The upshot, anyway, is that the dance of the Voladores is a living artifact, a museum piece as frozen and uncertain as the masks and figurines and objects that fill the Museo Nacional de Antropologa itself.

This is far from an isolated phenomenon. Just about every place worth visiting makes a point of promoting a preserved form of its supposedly pure and undiluted cultural past to tourists. Often it involves aboriginal groups: singing and drumming by the Cowichan people on Vancouver Island, for instance, or Maori dancing in body paint and traditional clothes in New Zealand.

But you can also go to resorts in the Caribbean where they all dance around with fruit on their head even though you know darn well that no one carries fruit on their head in the city. Or you can visit the Jewish quarter in Krakow to drink kosher vodka and listen to Klezmer music played by university students from Toronto.

The accusation against this sort of cultural preservationism is that it comes at the cost of turning a living tradition into a museum piece. As a Pacific Island dancer replied when asked about his culture: "Culture? That's what we do for tourists."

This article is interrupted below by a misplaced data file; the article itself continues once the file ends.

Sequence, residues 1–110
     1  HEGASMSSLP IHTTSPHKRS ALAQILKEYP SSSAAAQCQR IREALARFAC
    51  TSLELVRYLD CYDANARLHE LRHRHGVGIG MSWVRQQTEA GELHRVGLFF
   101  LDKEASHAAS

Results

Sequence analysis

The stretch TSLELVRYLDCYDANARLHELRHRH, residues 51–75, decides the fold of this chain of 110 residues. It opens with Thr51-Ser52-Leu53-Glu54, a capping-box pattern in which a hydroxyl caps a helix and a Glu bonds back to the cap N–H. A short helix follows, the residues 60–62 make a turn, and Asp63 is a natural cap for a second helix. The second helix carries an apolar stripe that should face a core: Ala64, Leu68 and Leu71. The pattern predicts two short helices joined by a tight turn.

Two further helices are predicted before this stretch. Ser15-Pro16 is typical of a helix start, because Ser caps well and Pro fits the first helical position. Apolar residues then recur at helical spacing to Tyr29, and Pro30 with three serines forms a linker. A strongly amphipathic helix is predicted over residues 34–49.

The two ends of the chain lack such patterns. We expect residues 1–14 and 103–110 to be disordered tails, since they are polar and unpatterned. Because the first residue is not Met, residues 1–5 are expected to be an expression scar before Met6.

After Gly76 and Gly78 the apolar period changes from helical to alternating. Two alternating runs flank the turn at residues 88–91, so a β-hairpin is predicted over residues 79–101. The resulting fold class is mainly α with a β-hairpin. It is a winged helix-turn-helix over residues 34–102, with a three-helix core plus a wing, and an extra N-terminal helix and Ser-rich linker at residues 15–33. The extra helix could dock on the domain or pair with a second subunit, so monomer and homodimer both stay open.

The idea that cultural authenticity is something fit only for tourists is the logical consequence of the idea that a traditional society is meant to be closed, particular, and internally homogeneous. What has been lost is the way any living culture has to be open to and engaged with the world.

Philosopher Dennis Dutton illustrates this with a nice thought experiment. What would happen if one day La Scala were to lose its natural, indigenous audience? Italians and other Europeans stop going, local newspapers stop reviewing new performances.

Instead, it becomes a destination almost exclusively for tourists, for whom the La Scala opera is maybe the first and even last opera they will ever attend. It is for them the cultural equivalent of kissing the Blarney Stone or visiting the Grand Canyon.

As Dutton points out, the opera still has an audience, but it has lost its connection to an evolving culture. Indeed, the nominal culture of origin might eventually forget where the artform came from in the first place, and lose track of what the signs and symbolic elements of the form mean.

This is pretty much what has happened to the Voladores of Papantla. And not only to the Voladores, but to the countless rituals, ceremonies, traditions, and even entire cultures that have been preserved for display, in all their authentic glory.